Out of the tunnel, into the sun — again
Yesterday was like coming up for fresh air and taking off a space suit after weeks stuck in a stale, floating tin can.
Spring was already here. I already knew the buds on the grapevine were out and there was a first little f lower on the almond tree and I could hear bees and frogs.
But it all seemed unreal. I had watched it all through my fishbowl helmet and saw a grey onedimensional world happening out there.
Yesterday I took off the helmet and looked and listened again.
The marigolds were a screaming orange, the little almond flower was a delicious pink and the birds and bees were deafening.
To put it bluntly, these past few weeks have been a bloody grind.
As lockdowns go, this was one of the longest, most tedious and mentally debilitating we’ve experienced.
As the list of exposure sites grew, there was a creeping hopelessness. When will this end?
To see the streets and shops of Shepparton once again deserted was soul destroying.
For those under the strictest quarantines it must have been hairtearingly awful.
And yet, people did the right thing.
They didn’t march in the streets or disobey public health rules.
They just got on with the damned frustrating job of staying home.
But even more importantly, they did it with good grace and kindness.
Through all the tedium and despondence we were buoyed by the selfless acts of others — frontline heath workers, food supply volunteers and simple gestures of generosity from children leaving drawings and lollies for neighbours, to anonymous grocery deliveries and offers of help.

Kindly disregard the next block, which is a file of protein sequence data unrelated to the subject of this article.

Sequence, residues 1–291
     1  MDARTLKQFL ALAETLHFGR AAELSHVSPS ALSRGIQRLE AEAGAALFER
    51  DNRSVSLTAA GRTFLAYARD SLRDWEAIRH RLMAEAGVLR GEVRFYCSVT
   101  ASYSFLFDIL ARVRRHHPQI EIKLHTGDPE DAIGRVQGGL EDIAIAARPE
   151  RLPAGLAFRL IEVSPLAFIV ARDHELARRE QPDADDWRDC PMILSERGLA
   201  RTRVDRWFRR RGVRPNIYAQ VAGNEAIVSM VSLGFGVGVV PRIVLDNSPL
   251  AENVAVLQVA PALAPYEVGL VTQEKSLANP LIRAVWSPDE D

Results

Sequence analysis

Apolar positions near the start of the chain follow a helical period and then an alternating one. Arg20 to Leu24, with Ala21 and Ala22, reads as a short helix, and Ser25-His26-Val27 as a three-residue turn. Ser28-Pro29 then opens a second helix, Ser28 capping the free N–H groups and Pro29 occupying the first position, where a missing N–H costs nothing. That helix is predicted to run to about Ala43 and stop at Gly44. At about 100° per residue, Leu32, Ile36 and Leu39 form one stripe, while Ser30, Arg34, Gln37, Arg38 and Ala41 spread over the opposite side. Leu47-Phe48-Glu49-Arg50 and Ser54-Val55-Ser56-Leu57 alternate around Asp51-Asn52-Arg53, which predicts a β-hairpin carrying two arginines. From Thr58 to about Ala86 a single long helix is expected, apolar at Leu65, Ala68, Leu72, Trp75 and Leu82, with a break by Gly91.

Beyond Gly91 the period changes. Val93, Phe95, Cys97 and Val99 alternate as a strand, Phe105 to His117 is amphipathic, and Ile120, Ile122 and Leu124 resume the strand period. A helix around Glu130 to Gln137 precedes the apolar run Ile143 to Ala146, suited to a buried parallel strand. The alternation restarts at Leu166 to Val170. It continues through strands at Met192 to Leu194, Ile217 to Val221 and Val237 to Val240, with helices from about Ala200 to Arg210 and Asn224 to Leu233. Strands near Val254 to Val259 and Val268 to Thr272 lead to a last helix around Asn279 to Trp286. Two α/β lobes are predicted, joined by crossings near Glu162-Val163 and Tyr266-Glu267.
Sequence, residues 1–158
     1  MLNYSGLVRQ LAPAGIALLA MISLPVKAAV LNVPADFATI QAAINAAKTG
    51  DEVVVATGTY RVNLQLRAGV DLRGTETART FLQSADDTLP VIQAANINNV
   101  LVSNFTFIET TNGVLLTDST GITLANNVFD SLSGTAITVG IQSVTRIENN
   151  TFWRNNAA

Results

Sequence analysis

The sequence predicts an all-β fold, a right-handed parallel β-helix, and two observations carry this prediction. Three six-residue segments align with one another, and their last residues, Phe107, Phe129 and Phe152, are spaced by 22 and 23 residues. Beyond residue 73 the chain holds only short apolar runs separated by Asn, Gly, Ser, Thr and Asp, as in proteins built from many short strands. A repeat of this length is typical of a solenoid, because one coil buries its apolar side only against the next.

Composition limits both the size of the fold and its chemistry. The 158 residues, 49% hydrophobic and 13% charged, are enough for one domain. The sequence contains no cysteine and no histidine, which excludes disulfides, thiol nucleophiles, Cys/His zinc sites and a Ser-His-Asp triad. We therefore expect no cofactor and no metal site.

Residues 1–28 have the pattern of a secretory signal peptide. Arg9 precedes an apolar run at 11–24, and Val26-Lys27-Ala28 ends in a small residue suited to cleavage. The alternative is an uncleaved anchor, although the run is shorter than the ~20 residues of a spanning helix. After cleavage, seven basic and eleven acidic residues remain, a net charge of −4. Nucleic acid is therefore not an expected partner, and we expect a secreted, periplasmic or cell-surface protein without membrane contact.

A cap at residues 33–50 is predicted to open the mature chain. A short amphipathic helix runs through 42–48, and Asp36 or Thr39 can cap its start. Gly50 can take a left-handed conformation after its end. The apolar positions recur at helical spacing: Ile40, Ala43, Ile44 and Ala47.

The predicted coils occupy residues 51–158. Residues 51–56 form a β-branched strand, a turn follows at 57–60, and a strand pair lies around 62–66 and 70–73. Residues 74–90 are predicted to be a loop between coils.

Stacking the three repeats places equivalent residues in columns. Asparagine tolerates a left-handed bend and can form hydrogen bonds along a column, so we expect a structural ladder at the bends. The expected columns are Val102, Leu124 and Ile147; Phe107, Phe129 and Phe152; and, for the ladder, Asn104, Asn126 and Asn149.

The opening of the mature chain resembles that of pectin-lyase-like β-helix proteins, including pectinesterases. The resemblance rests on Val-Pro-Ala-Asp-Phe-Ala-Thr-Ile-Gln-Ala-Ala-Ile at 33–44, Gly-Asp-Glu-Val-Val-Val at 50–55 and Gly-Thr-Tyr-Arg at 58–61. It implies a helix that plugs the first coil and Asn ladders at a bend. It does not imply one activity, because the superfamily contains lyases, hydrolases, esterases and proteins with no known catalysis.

This all goes to show that when under pressure, the majority of people are essentially good at heart and care about each other.
This is the thing to hold on to and remember during this COVID
journey. Because it’s not over yet.
As I write this, the communities of Ballarat and Albury are entering the same tunnel from which the good people of Shepparton have just emerged.
There may be more next week. Yesterday there were 514 new cases in Victoria, 4370 active cases in the state.
There is a way to get off this rollercoaster and avoid the
A little pavement sign outside Mooroopna’s Royal Mail Hotel sums it up neatly.
The sign says: The Only Way Out! Get The Jab An That!
It has the insistent bark of a Donald Trump message — but this one’s based on science not disinfectant.
Until 70 per cent of people are fully vaccinated we are going to stay in this tunnel loop.
This is where the government, either state or federal — probably both — needs to step up.
We need 24-hour vaccination hubs and scores more Jabba buses, not just for regional and remote areas but for metropolitan ones too.
We need an army of trained vaccinators — not just doctors, nurses and pharmacists.
We need personal antigen COVID-testing kits available in pharmacies — even supermarkets.
Social media, television, newspaper and leafleting campaigns for non-English speaking people.
There are probably a thousand other things we need to live with COVID permanently in our world.
Finally, when we do reach the magic 70 per cent, there is one thing Australia and probably every other country will need to stop our general hospitals getting jammed with the unvaccinated — dedicated COVID-19 hospitals.
That’s my roadmap.
But beware — it comes from an alien who’s just taken off his helmet.